How Much Can I Borrow
All mortgage lenders want to know your ability and the likelihood of your repaying the money you borrow. So you have to pass a few tests. The lender calculates the maximum amount you can borrow when taking out a real estate loan.
For a home in which you will reside, lenders total up your monthly housing expense. They define your housing costs as:
Mortgage Payment + Property Taxes + Insurance
A lender couldn't care less about the money you spend for dog food, vacations, or supporting local restaurant owners. Good thing, or you might not get the loan!
Lenders will loan you up to about 33 percent of your monthly gross income (before taxes, that is) for the housing expense. If you're self-employed, this figure is the net income from the bottom line of your federal tax form Schedule C.
Although lenders don't care where you spend your money outside your home, they do care about your other debt. A lot of other debt diminishes the funds available to pay your housing expenses. Lenders know
that debt increases the possibility that you may not make your monthly payments.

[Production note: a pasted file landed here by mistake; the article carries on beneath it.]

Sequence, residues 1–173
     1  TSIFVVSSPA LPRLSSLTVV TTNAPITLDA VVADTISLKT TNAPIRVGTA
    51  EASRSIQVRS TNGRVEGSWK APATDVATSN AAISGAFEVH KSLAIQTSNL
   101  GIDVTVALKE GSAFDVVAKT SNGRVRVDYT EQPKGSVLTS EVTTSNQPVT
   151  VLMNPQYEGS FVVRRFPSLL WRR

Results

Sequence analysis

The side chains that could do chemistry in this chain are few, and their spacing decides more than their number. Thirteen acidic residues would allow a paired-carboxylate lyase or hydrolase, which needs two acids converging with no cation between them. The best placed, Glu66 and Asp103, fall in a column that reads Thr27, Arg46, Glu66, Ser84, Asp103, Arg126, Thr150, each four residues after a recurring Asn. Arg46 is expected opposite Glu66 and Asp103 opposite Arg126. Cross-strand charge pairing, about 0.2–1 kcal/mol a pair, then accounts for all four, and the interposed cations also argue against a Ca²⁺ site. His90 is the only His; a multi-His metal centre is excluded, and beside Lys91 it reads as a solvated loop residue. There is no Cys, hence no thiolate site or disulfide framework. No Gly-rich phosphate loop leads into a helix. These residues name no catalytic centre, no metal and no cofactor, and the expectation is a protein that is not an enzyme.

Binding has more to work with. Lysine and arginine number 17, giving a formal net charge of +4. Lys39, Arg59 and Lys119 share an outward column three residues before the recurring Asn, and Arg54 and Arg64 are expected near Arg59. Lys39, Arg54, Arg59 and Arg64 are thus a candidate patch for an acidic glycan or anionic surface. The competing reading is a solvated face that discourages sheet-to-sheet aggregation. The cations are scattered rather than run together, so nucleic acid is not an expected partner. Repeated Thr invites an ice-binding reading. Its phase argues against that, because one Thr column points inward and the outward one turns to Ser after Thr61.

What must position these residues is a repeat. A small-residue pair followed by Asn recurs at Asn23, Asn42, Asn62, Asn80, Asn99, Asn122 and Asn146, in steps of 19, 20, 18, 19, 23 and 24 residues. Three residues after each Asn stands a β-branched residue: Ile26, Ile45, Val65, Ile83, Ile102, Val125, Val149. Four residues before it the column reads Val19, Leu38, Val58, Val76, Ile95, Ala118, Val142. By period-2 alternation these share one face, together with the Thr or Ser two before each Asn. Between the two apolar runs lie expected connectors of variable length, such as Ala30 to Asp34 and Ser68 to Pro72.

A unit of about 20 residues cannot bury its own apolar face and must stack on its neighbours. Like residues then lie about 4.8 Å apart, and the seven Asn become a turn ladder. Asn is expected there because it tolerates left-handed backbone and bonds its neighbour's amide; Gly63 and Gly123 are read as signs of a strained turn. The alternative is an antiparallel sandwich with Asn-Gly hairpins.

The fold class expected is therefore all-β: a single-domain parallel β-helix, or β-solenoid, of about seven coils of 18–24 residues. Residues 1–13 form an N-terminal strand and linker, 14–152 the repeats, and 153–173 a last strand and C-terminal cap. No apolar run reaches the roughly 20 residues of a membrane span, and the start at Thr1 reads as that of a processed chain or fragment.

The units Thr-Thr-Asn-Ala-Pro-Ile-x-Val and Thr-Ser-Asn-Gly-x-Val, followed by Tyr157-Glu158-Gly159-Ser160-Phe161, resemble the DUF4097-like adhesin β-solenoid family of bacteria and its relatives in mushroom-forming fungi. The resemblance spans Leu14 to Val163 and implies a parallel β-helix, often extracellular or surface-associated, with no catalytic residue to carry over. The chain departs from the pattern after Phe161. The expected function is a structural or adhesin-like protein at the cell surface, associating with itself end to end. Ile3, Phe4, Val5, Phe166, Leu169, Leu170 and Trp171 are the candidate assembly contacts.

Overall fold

When you have auto, credit card, or other types of debt requiring monthly payments, lenders calculate another ratio to determine the maximum you can borrow. To your monthly housing expense the add the amount you need top pay down your other consumer debt. These total costs typically cannot exceed 38 percent – anything higher and most lenders will reject your loan application.
Lending rations vary slightly from lender to lender. Some lenders, for example, may allow your housing expense to reach up to 36 percent of your monthly income. Others may allow the ratio of housing expenses plus other consumer debt payments to reach up to 40 percent of your gross income.
The maximum amount that a lender will loan you depends on interest rates. If rates fall ( as they have during much of the past decade), the monthly payment on a mortgage of a given size also drops. Use our mortgage qualifier calculator to determine the maximum size mortgage you can get.Source: www.home-mortgage-calculator.net